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Pacific Storm and Surf Forecast
Updated: Tuesday, November 3, 2015 7:14 PM
Buoys: Northern CA - Southern CA - Hawaii - Gulf of Alaska - Pacific Northwest
Buoy Forecast:
Northern CA - Southern CA - Hawaii - Gulf of Alaska - Pacific Northwest
Pacific Links:  Atmospheric Models - Buoy Data - Current Weather - Wave Models
Forecast Archives: Enter Here
A chronology of recent Mavericks Underground forecasts. Once you enter, just click on the HTML file forecast you want to review (e.g. 073199.html equals July 31, 1999). To view the maps that correspond to that forecast date, select the html file labeled 073199 maps.html
3.5 - California & 2.0 - Hawaii
Using the 'Winter' Scale
(See Swell Category Table link at bottom of page)
Probability for presence of largest swells in near-shore waters of NCal, SCal or Hawaii.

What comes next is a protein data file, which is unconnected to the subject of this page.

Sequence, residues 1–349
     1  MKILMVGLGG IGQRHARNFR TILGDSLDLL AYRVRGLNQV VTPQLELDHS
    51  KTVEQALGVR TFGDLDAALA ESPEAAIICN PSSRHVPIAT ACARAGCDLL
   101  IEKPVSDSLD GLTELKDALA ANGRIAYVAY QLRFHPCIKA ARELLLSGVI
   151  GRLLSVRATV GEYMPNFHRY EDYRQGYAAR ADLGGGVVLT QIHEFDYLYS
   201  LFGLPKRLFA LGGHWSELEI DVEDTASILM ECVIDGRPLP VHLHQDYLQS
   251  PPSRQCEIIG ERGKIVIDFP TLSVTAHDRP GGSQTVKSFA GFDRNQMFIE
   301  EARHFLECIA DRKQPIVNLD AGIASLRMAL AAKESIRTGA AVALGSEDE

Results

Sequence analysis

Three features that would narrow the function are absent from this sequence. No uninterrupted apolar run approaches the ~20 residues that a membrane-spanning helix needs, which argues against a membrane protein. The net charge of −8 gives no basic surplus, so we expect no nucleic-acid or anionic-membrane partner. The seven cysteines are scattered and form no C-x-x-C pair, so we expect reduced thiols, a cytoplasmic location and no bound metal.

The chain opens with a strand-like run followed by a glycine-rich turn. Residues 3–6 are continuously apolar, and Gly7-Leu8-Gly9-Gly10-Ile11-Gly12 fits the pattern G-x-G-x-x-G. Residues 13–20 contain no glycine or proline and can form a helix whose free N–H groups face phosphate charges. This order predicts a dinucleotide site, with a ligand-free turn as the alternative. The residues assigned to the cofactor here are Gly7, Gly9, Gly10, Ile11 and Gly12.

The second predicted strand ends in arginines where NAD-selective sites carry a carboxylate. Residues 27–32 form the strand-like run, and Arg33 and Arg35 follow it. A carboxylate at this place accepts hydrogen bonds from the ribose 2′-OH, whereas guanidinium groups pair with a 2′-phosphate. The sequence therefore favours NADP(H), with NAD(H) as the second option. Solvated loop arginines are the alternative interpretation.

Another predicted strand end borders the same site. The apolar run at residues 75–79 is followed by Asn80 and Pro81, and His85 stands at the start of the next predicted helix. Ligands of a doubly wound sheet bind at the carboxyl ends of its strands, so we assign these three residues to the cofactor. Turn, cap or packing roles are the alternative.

Issued for Week of Monday 11/1 thru Sun 11/7

Swell Potential Rating Categories
5 = Good probability for 3 or more days of Significant swell
4 = Good probability for 1-2 days of Significant swell
3 = Good probability for 3 or more days of Intermediate/Advanced swell
2 = Good probability for  1-2 days of
Intermediate/Advanced swell
1 = Good probability for 3 or more days of Impulse or Windswell
0 = Low probability for 1-2 days of Impulse or Windswell   

Small Storm Forecast for North Dateline
Inactive Phase of MJO Having an Impact

Swell Classification Guidelines

Significant: Winter - Swell 8 ft @ 14 secs or greater (11+ ft faces) for 8+ hours (greater than double overhead).
- Head high or better.
Advanced: Winter - Swell and period combination capable of generating faces 1.5 times overhead to double overhead (7-10 ft)